Local officials provided insight into the safety of area infrastructure and systems after the Trump administration blamed the Russian government for a string of cyberattacks aimed at nuclear power plants, as well as water and electrical systems.
“We recognize that cybersecurity threats are increasing in number, sophistication and consequence, and energy companies and government agencies are often targeted,” TVA spokesman Scott Fiedler said via email.
The New York Times reported last week that officials and private security firms in the United States saw the attacks as a sign that Russia could disturb U.S. systems and that attackers got access to important control systems at unidentified power plants.
The hackers were not able to sabotage or shut down any systems that operate the plants, and local officials said they have systems in place to prevent attacks.
Fiedler said officials have to keep some information secret to avoid giving attackers their “playbook,” but he said that—as the nation’s largest public power provider and a significant player in the U.S. bulk electric system—TVA has a multilayered system in place to protect from cyberattacks.
In addition to its “multitiered threat analysis capabilities,” TVA performs continuous monitoring and vulnerability assessments.
The most critical systems are housed in a special, isolated network that’s separate from corporate networks and inaccessible to the internet, Fiedler said.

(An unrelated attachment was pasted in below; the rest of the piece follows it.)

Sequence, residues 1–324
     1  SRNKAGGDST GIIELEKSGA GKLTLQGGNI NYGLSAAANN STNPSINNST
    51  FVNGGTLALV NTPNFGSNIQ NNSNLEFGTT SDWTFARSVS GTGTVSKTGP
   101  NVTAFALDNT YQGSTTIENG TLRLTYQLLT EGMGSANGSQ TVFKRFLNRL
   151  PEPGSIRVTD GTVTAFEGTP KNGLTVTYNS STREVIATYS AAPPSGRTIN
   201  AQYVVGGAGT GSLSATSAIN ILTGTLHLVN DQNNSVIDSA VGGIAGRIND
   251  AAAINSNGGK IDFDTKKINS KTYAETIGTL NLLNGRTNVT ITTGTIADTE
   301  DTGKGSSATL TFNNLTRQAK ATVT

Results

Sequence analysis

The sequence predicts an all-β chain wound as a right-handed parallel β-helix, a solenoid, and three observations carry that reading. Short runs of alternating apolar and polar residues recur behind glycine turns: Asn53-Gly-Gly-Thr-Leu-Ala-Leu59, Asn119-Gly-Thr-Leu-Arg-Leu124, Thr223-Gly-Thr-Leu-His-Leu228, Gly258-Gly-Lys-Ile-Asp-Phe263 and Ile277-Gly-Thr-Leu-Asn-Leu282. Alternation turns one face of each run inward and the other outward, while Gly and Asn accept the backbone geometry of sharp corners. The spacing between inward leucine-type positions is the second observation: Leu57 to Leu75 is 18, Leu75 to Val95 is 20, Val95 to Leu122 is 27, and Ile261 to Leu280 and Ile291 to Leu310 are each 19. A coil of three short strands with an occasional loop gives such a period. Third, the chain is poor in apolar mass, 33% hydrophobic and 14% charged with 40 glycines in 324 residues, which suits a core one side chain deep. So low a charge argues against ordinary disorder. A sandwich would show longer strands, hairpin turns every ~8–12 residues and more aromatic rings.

“By segmenting the networks we can add a significant level of security,” he said. “Basically what we do is completely wall-off core information assets entirely from common-user computers and the internet.”
TVA is a government agency, which also provides officials with the ability to gather intelligence and stay updated on emerging cyber threats.
TVA partners with the FBI and the Department of Homeland Security to stay abreast of cyber threats and works with industry groups, such as the Edison Electric Institute.
“We also train our employees on cybersecurity best practices and to recognize phishing scams,” he said.
EPB has similar systems in place to avoid cyberattacks.
“EPB utilizes cutting-edge software and hardware to constantly monitor and guard against cyberattacks,” spokesman John Pless said via email. “In addition, we have proactively implemented multiple layers of security measures and are committed to maintaining secure, reliable and high-quality services to our customers.”
In October 2017, the U.S. Department of Homeland Security and the Federal Bureau of Investigation issued a warning that detailed advanced persistent threats to targets, including utilities, according to a Tennessee American Water report.
“It is not a question of if our critical infrastructure will be targeted, but when and to what extent,” also according to the report.
The utility, which reaches more than 12 million customers in 16 states, has invested in “intelligent” infrastructure and advanced IT networks, among other protections.
Technology opens systems to the potential for cyberattacks, but also enable protections.
For example, the technology has been used to develop intelligent water systems to protect the supply, detect leaks and recover more quickly from disruptions.
“Cybersecurity is top of mind for Tennessee American Water,” Director of Operations Kevin Kruchinski said in a prepared statement. “That is why our Technology and Innovation team stays on the forefront of the issues, partners with agencies and continuously works to stay ahead of threats.”